Should Olympians get to jump the vaccine queue?


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The Olympic vaccine debate is heating up

The Summer Olympics are less than three months away. In Normal Times, this is when we’d be wondering things like, Can Andre De Grasse win the men’s 100 metres? Will the Canadian women’s soccer team reach the podium for the third straight time? How many medals are in store for Canada’s swimmers?

Instead, two considerably less fun questions are dominating the pre-Olympic discourse in Canada: 1) Will the Games actually happen? And 2) Should our athletes get priority access to coronavirus vaccines? The answer to the first one is still we’ll see. The answer to the second is even more complicated.

Opinions on the athlete-vaccine issue generally fall into one of two buckets. On one side are those who say: No way a bunch of young, healthy athletes should jump the queue when many of our nurses, teachers, essential workers and people in hot spots haven’t even been taken care of. The other argument boils down to: Look, by the time July rolls around, everyone in the athletes’ age group will probably have at least their first shot anyway. And the athletes are facing a potentially risky environment in Tokyo. So let’s just get them all jabbed now to give everyone more peace of mind.

That’s essentially the argument being made by Canada’s various national sport organizations, who are now calling for the Canadian Olympic Committee and the federal government to get the athletes, coaches and support staff who are bound for Tokyo fully vaccinated right away. “I would love to see the government come out and say this is in the national interest, these athletes represent all of us, so let’s get this taken care of so everyone is safe and healthy,” said Athletics Canada CEO David Bedford. Swimming Canada high performance director John Atkinson said getting athletes vaccinated “needs to take much more of an urgency because the clock is ticking. We have to do everything we can do as a nation to give them the safest experience while representing our country.”

The COC is (at least publicly) sticking to the International Olympic Committee’s official position. “We maintain that Canada’s front-line workers and most vulnerable populations should be the priority for vaccinations,” said CEO David Shoemaker. “With the growing numbers of vaccines available to Canadians, we are hopeful that athletes will have access to them prior to Tokyo, which would provide an additional layer of protection to the significant countermeasures that have been put in place.” Canada’s athletes are falling in line with that messaging too. None have said publicly that they ought to jump the queue.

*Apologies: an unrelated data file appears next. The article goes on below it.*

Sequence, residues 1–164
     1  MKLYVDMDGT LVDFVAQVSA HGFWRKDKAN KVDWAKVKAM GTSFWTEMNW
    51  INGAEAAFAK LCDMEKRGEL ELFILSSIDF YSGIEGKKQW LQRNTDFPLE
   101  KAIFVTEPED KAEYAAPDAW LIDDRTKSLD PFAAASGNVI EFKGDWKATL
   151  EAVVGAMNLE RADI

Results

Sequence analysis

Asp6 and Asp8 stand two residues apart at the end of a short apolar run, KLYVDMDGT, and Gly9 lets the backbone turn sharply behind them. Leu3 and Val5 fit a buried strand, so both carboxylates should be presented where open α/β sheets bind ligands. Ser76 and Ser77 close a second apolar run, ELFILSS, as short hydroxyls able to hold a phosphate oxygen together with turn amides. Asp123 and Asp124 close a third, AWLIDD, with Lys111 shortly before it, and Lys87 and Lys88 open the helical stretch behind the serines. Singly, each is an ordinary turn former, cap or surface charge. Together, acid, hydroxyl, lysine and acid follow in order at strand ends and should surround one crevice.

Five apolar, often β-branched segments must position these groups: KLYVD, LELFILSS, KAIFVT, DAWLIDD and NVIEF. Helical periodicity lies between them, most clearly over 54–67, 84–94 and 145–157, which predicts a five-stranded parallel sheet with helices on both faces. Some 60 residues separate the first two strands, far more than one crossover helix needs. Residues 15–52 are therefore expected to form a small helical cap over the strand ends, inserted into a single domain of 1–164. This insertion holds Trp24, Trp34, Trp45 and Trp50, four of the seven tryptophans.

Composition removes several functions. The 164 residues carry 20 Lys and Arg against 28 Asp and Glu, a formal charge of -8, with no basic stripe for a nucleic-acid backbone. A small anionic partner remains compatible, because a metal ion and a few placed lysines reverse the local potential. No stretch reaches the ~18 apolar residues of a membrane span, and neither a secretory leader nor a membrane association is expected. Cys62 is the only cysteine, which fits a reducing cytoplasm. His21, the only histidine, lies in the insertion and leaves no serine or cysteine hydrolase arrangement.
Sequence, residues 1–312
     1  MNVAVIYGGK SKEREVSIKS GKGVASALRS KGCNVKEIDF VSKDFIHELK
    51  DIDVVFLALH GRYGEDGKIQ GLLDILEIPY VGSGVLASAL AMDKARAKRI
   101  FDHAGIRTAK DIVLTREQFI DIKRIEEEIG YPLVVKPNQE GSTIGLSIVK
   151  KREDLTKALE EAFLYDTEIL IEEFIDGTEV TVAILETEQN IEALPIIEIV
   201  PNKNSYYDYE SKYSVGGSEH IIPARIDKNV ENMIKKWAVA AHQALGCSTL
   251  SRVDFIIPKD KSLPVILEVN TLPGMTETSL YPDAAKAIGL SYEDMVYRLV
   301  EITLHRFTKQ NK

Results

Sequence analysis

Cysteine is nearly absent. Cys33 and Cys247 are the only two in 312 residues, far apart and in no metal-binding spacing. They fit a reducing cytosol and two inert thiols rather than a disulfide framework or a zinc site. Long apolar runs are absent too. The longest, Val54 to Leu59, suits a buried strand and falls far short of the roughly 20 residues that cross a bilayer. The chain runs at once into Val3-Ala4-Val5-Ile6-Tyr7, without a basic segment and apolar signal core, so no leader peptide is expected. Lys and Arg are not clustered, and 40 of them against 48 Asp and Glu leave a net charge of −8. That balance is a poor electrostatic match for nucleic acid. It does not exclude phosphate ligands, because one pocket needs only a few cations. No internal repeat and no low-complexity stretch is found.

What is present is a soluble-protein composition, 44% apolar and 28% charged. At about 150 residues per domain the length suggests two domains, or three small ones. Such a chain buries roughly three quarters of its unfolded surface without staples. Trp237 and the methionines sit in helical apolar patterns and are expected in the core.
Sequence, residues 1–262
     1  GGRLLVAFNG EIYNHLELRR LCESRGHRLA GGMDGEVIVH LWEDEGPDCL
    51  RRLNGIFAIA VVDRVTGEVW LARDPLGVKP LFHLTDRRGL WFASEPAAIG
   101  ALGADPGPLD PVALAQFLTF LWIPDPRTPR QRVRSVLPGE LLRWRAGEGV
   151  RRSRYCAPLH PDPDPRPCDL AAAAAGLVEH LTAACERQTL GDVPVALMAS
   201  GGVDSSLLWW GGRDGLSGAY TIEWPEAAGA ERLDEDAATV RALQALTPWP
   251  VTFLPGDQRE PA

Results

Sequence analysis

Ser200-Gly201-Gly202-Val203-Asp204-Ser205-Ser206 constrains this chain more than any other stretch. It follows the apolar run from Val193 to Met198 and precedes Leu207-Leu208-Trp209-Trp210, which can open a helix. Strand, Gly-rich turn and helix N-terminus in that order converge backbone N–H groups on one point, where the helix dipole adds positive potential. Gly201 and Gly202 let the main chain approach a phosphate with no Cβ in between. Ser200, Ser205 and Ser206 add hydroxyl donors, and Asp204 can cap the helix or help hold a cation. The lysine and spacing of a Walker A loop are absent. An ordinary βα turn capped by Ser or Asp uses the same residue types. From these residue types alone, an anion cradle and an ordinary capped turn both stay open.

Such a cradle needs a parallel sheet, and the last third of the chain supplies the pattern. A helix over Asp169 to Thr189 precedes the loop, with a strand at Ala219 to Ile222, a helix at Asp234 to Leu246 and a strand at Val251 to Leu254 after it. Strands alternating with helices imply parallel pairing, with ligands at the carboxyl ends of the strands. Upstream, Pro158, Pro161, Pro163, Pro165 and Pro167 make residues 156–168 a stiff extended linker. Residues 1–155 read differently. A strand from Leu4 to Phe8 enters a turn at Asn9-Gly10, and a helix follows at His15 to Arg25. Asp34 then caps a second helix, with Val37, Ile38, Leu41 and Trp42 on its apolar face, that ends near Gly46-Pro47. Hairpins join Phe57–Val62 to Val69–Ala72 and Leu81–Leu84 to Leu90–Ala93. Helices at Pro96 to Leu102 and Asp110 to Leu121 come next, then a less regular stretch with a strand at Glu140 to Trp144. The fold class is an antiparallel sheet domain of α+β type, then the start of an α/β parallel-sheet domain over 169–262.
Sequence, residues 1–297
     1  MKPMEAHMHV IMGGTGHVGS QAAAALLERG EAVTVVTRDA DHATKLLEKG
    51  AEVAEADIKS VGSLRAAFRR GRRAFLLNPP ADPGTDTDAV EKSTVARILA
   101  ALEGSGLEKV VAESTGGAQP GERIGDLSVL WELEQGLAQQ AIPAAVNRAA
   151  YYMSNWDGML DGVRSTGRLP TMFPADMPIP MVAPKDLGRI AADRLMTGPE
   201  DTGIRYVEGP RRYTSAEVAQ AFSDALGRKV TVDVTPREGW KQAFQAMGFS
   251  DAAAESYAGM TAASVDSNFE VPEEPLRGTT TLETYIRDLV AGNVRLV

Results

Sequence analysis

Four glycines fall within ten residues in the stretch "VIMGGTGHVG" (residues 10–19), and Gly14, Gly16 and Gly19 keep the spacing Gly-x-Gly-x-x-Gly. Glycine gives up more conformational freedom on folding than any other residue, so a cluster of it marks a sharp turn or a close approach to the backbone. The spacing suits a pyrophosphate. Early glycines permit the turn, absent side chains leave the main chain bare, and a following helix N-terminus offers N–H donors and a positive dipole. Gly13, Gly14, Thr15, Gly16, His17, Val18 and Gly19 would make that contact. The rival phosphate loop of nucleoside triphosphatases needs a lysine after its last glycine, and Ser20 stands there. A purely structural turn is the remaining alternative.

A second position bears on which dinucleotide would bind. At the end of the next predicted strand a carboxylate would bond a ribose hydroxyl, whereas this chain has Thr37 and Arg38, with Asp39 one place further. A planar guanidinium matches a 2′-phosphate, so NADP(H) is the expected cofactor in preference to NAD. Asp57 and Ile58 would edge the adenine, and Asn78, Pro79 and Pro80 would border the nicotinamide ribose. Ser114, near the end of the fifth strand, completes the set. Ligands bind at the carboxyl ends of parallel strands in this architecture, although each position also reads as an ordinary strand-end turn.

But that’s already happening in other countries. Today, South Korea began giving fast-track doses to the 930 athletes, coaches and other support staff it’s sending to the Tokyo Olympics. Australia announced earlier this week that it will do the same for the 2,000 or so of its people going to the Olympics and Paralympics. Hungary, Israel, Lithuania and Serbia were already in the process of vaccinating their Olympic and Paralympic teams. Mexico and New Zealand have placed their athletes in a priority group. Meanwhile, vaccine-producing powerhouses like the United States and Great Britain don’t have to worry about prioritizing their athletes. Many of them have already been inoculated as part of their country’s normal rollout. China and Russia are even offering to give vaccines to other countries’ Olympic and Paralympic teams, perhaps as a way to win goodwill and prestige in the international community.

So if Canada ends up sending not-fully-vaccinated athletes to Tokyo, it runs the risk of being at a competitive disadvantage — to say nothing of the health risks involved for those going and for the people they come into contact with after they return home. On the other hand, moving athletes to the front of the line at this particular dicey moment could enrage a lot of average Canadians. It’s a tough spot.